According to TravelAgent magazine, Central America has become a booming tourist vacation destination and in 2005 logged the highest growth in tourism of any region in the world at more than 14 percent. The Honduran government is developing infrastructure to attract international hotel chains and increasing marketing and promotion efforts. Augusto Huescar of the World Tourism Organization (WTO) has stated that “Honduras has a lot of tourism potential. Many travelers are looking for new destinations to discover and Honduras offers authenticity with its rich culture, history, and nature.” (Mangan, 2006, p. 62). Roatan in particular is targeted for further development. Only 1,200 hotel rooms exist currently on Roatan, but with 400 new rooms currently under construction with more slated for the future, these new additions will have tourists flocking to Roatan at a much higher rate than previous years (Mangan, 2006, p. 62). A new high-speed ferry will cut travel time from the main island of Honduras to just over an hour, making it easy for tourists to travel to Roatan even if their hotel lies on the main island of Honduras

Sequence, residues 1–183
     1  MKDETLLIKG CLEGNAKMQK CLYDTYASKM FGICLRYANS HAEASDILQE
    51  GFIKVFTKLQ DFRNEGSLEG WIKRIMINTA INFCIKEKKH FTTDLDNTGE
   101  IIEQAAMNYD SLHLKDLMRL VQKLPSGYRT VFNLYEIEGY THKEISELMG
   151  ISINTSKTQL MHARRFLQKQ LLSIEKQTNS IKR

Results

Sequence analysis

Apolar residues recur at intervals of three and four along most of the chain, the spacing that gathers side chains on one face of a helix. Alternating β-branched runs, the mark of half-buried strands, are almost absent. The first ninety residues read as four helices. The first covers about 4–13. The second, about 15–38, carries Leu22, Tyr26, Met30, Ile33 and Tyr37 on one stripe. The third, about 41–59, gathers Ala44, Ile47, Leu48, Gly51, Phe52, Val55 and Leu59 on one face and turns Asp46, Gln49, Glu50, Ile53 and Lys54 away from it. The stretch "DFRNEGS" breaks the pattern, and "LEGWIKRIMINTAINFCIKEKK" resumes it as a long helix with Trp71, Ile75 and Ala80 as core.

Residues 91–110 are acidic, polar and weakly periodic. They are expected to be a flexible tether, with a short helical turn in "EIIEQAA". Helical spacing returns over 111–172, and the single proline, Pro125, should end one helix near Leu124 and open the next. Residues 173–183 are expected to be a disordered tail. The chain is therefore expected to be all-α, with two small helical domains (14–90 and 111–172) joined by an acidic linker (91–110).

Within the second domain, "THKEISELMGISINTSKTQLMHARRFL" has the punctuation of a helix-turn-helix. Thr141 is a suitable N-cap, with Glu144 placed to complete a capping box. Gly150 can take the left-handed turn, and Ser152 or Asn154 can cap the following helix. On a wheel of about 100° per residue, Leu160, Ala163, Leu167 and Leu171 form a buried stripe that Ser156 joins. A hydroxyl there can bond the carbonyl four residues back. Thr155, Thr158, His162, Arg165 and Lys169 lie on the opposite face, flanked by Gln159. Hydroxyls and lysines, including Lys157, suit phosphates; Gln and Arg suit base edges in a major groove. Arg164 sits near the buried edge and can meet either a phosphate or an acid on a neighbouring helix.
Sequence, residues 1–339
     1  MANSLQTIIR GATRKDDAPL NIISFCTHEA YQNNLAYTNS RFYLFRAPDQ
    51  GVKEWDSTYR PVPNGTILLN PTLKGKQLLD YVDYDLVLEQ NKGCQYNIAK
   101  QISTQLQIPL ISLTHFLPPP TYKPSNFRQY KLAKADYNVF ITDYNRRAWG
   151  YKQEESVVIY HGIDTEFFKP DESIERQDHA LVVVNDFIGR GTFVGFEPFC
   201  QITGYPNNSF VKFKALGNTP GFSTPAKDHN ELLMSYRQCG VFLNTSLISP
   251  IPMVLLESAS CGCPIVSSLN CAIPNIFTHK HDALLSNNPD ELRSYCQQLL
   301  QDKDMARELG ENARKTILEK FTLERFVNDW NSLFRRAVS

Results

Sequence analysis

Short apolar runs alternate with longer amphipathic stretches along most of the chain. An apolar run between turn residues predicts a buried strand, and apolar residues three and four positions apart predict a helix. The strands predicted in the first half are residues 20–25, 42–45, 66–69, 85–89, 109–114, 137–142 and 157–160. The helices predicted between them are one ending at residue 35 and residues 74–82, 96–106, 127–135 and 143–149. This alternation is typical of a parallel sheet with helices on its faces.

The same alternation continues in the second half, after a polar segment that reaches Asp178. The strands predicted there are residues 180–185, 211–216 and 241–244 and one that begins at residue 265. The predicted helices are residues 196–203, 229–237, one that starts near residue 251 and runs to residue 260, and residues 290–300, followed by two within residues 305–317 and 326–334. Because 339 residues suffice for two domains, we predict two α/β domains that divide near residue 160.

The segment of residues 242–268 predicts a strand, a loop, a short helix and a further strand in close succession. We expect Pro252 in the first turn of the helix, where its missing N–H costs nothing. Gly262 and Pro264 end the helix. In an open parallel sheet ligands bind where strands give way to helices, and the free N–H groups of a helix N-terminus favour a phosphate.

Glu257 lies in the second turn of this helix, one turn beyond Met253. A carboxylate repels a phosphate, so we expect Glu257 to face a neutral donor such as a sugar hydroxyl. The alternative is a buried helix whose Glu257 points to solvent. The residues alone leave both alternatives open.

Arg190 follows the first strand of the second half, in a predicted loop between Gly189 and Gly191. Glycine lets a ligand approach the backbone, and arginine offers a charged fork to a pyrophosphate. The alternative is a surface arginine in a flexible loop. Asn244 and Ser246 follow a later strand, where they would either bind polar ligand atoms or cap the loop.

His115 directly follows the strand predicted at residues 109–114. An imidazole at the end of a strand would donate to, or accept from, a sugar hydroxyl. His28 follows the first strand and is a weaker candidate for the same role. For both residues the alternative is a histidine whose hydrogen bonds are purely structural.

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(Mangan, 2006, p. 62). Table 5-1 shows how tourism has expanded throughout Honduras in the years of 2000-2004. As this data shows, tourism has grown and continues to grow in Honduras and AQUAPURE plans to capitalize on this continuing expansion (The World Bank Group, 2004).
Table 5-1: International Tourism to Honduras 2000-2004

2000
Number of Arrivals (in thousands) Number of Departures (in thousands) Tourist Expenditures (current US$ in thousands) Tourist Expenditures (% of total imports) 471 277 194,000

2001
518 279 205,000

2002
550 285 221,000

2003
611 277 256,000

2004
672 295 269,000

6%

6%

6%

7%

6%

5.3.1 Marketing Advantages